• Simons Workshop in Mathematics and Physics 2005 at Stonybrook - Vafa, Berkovits, Witten, Maldacena et al can all be listened to (slides are not generally available so you might have to listen very carefully...although some talks are close to those at Strings 2005, so some comparison is worthwhile)
  • A talk by Lee Smolin on Loop Quantum Gravity (from May 2005 with an astrophysics leaning - for the interested there are a host of astrophysics talks in the same directory)

    The perfect quiet of this summer is well suited for the Ashes, however in case one thought that the genteel nature of a cricket test match might not be condusive to competition please see this violent yet thoroughly amusing game involving much Ozzie bashing on the Channel 4 website.

    P.S. Please don't miss Lubos Motl's $3 challenge to disprove that Amazon, one of my favourite companies, are run by "crackpots" who are only allowing positive reviews of pseudo-science books which masquerade as science.
  • Sunday, July 31, 2005

    The End of the Road

    Well we've reached the end of the LMS symposium in Durham, and I, for one, am really looking forward to going back home, and thinking about my own work problems. That said it has been a lot of fun to be here, and I may even try and learn something about derived categories off the back of all the talks related to them, and the enthusiasm of the categorists. I'm feeling pretty tired today, so I'm just going to list the last set of talks, starting with yesterday (a cold and miserably damp day).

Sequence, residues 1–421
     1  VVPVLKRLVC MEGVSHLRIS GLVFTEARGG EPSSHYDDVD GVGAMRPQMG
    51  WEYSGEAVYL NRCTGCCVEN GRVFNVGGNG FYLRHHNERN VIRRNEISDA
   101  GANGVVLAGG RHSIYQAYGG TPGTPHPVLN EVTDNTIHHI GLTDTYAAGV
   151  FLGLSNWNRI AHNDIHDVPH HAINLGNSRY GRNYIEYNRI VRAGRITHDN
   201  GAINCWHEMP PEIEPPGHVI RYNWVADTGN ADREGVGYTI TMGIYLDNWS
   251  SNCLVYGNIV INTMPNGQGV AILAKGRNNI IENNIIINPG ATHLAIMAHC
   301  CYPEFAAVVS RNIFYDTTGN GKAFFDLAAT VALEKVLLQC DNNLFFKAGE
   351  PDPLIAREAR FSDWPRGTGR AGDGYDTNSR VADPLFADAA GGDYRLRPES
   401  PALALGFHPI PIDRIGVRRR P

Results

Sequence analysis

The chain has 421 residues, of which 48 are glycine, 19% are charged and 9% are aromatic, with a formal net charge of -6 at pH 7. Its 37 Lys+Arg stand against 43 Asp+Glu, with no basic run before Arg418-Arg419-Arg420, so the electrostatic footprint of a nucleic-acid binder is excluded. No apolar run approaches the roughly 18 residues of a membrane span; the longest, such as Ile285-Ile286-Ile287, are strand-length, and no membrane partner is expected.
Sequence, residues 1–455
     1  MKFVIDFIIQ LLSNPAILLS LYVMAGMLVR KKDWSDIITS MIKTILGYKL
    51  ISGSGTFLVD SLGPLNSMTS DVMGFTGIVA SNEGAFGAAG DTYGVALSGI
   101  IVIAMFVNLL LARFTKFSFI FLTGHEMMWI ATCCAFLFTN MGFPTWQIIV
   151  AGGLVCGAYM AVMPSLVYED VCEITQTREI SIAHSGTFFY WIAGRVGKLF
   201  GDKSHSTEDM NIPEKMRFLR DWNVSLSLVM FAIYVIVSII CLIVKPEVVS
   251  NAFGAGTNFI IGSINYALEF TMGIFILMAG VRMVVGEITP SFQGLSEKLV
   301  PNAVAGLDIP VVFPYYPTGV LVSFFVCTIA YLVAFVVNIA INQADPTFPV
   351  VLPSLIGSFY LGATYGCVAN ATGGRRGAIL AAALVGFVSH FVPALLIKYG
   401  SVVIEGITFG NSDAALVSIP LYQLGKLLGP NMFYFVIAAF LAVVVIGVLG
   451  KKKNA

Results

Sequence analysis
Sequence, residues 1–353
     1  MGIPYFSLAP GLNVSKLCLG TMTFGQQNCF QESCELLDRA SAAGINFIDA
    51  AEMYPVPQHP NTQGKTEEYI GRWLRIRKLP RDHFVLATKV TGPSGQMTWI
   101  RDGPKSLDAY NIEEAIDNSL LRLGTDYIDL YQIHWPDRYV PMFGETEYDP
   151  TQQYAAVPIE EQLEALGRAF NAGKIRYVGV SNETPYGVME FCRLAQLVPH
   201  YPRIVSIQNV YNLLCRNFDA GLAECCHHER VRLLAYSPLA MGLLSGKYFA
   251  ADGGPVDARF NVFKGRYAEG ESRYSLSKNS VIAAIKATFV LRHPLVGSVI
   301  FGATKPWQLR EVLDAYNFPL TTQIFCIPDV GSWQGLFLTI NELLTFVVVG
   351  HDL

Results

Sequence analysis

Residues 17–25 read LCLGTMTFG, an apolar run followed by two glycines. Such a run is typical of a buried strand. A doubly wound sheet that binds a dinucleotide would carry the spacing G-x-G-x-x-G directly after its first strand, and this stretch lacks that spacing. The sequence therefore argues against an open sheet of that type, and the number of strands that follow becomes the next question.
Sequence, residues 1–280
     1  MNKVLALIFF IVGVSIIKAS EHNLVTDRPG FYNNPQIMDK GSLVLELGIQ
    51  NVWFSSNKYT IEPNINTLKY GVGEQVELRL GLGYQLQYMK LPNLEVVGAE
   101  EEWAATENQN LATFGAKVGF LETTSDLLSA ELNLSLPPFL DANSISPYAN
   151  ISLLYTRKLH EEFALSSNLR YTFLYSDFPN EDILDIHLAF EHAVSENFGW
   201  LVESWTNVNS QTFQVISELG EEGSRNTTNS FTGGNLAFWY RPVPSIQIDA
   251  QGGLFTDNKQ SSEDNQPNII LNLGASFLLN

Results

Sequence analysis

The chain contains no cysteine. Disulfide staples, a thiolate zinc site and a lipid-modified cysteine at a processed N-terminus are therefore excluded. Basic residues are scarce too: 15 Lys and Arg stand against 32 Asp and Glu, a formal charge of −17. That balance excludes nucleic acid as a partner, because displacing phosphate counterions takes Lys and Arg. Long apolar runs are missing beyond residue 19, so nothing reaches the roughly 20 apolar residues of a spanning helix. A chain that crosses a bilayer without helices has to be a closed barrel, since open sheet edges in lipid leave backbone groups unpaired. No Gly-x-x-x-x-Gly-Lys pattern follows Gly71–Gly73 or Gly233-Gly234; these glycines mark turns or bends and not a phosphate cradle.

In the morning the key-note speaker was Tom Bridgeland from the University of Sheffield, another of the enthusiastic categorists mentioned above, and he was talking under the title: "Spaces of stability conditions". He used words such as bounded coherent sheaf, topological B-model, elliptic curve, the Mukai transformation, T-duality, topological conformal field theory, Michael Douglas' Pi stability condition, Fukaya categories, special lagrangians (or slags), Richard Thomas and the McKay correspondence. Somehow all these words were related, and despite Tom Bridgeland being an excellent speaker (I do have a very good set of notes to work with from this talk), I'm afraid I know too little about algebraic geometry to be able to understand the topics. It has been suggested that a good place for me to start would be Serge Lang's book, "Introduction to Algebraic Geometry", and I'm giving it some consideration, although, at £364.27, I don't think I will be buying a copy any time soon. I believe many of the ideas discussed in the talk can be found in Tom Bridgeland's papers "Stability conditions on triangulated categories" and "Stability conditions on K3 surfaces".